The amendments to the Navigation Act 1912 are solely concerned with jurisdiction over trading ships. It is not proposed to change the current jurisdictional arrangements for Australian fishing vessels, fishing fleet support vessels, pleasure craft or inland waterway vessels and offshore support vessels. These vessels are most appropriately left with the states and the Northern Territory to administer.

This bill also does not seek to change the present arrangements connected with part VI of the Navigation Act 1912, which regulates participation in the coasting trade. The functioning of part VI has been quarantined from the changes described in this bill.

Consequential amendments

Both the Seafarers' Rehabilitation and Compensation Act 1992 and the Occupational Health and Safety (Maritime Industry) Act 1993 currently apply to ships to which part II of the Navigation Act 1912 apply. In addition, both acts apply to ships that are the subject of a declaration under sections 8A and 8AA of the Navigation Act 1912—the `opt in' provisions. This bill will ensure the continuation and consistency of coverage for seafarers in this area.

The amendments to the Seafarers' Rehabilitation and Compensation Act 1992 and the Occupational Health and Safety (Maritime Industry) Act 1993 are designed to align coverage under these acts, as far as is practicable, with the jurisdictional coverage for vessel safety regulation under the amended Navigation Act 1912.

The decision to align coverage of legislation regulating workers compensation and occupational health and safety for seafarers, with the revised coverage proposed by the Australian Transport Council for the Navigation Act 1912, was endorsed by the Workplace Relations Ministers Council in November 1999.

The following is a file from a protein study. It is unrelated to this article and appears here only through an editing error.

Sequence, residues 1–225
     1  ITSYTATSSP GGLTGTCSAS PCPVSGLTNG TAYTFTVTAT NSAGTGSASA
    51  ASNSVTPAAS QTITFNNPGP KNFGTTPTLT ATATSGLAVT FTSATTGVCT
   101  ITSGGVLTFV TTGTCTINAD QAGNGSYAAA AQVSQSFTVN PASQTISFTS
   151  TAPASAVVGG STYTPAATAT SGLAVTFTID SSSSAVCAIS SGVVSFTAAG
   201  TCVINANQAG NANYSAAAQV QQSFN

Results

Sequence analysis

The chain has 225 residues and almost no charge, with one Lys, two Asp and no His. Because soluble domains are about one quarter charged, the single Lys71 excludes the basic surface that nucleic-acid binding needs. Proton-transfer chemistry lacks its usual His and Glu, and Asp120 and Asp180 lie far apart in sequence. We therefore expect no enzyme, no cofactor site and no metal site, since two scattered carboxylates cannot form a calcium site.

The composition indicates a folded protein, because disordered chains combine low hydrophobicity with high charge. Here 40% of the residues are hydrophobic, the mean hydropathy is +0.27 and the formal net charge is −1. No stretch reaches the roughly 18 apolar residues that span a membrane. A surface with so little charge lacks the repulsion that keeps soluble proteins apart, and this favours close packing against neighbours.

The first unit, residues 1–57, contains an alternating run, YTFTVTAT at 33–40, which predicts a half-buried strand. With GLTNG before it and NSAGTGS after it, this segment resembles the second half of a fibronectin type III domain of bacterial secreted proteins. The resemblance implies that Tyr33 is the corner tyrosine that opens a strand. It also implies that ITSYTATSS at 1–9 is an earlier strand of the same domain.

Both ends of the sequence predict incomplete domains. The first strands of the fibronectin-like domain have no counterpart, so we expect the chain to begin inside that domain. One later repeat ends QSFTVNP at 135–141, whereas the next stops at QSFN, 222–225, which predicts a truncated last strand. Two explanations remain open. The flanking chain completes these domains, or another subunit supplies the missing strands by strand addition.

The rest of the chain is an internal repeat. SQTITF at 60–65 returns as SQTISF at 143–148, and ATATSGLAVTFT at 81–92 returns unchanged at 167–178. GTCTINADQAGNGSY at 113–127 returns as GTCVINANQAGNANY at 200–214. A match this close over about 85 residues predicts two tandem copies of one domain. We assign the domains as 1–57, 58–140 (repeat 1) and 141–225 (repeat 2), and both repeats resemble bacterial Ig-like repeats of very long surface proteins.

The Minister for Employment, Workplace Relations and Small Business, Mr Reith, has indicated that he favours alignment by way of inclusion of a comprehensive application provision in both these acts rather than the current practice of these acts relying upon a reference to the coverage or application provisions in the Navigation Act 1912. As a consequence, the bill has been developed on this basis, necessitating a considerable number of definitional changes to these acts. These changes will make it easier for all stakeholders, but particularly employers, to use the legislation.

Given that the purpose and existing coverage of the Seafarers' Rehabilitation and Compensation Act 1992 and the Occupational Health and Safety (Maritime Industry) Act 1993, when compared to the Navigation Act 1912, are different, it has not been possible to achieve complete alignment between all three acts.

The Navigation Act 1912 governs all aspects of vessel safety, which in many respects are determined by international maritime safety conventions and apply to both foreign and Australian ships. However, the Seafarers' Rehabilitation and Compensation Act 1992 and the Occupational Health and Safety (Maritime Industry) Act 1993 focus on the occupational safety of the employees on board ships and are domestically determined and applied.

Accordingly, the bill does not seek to apply the Seafarers' Rehabilitation and Compensation Act 1992 and the Occupational Health and Safety (Maritime Industry) Act 1993 to all foreign trading vessels entering or operating in Australian waters as the provisions of the Navigation Act 1912 do. It would not be sensible to apply Australian occupational health and safety and workers compensation laws to a foreign vessel engaged in ordinary international trade.

As a consequence, the draft bill limits coverage of foreign vessels by the Seafarers Rehabilitation and Compensation Act 1992 and Occupational Health and Safety (Maritime Industry) Act 1993 to ships that may be licensed to engage in the coasting trade or where the majority of the crew are residents of Australia and the ship operator is a resident of Australia or has its principal place of business in Australia or is a company incorporated in Australia.